The Myth of Objectivity

[Reprinted with permission from Navigating By Faith]

Thoughtful and thought-provoking articles are a source for many articles I write. Those two characteristics are not always exemplified in the same single article, but an article by Trent Horn, Neil DeGrasse Tyson Shows Why Science Can’t Build a Utopia[1], is an exception.

Neil DeGrasse Tyson, of course, is the outspoken agnostic ambassador of science. The article was precipitated by Tyson’s tweet: “Earth needs a virtual country: #Rationalia, with a one-line Constitution: All policy shall be based on the weight of evidence.”[2] And Horn counter-tweeted: “@neiltyson ‘Rationalia’ is as useless as ‘Correctistan,’ or a country whose constitution says, ‘Always make the correct decisions.’”

To illustrate what he means by his counter-tweet, the author used the example of a driverless car. Fatalities have already happened with them and will undoubtedly happen again. That isn’t the point, though. The point is this: how should they be programmed when confronted with two options – to run over pedestrians or run into an object that may kill the passengers?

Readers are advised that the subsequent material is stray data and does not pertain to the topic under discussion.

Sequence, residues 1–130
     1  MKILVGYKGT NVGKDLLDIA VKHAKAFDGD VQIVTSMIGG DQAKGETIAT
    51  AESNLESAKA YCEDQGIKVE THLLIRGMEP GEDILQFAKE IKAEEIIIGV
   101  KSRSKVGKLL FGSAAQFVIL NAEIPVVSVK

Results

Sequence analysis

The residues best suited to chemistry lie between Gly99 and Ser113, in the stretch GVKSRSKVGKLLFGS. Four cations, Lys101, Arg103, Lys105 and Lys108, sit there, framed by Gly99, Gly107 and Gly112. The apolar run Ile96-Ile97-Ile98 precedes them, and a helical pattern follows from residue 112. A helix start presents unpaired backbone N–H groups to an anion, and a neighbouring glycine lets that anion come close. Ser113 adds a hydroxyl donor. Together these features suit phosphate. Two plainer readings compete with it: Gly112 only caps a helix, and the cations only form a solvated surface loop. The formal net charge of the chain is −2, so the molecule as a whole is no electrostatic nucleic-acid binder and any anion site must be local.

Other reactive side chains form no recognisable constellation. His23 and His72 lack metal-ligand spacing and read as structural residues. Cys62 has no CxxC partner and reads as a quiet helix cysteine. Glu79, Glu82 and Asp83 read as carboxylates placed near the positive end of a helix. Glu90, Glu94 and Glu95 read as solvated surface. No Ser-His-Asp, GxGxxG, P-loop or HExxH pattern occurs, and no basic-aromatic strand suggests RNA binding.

How does Rationalia weigh the evidence to determine which is the best course? Continue reading

People Believe What They Want to Believe, Even Genius Scientists

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I have said it before, and I will probably say it again (and again): people believe what they want to believe. I am reminded of that truism after reading the intriguing article by Robin Schumacher, Stephen Hawking’s Three Arguments Against God, published in The Christian Post. Truism? Because I say so! In effect that is exactly what Stephen Hawking’s arguments amount to. Continue reading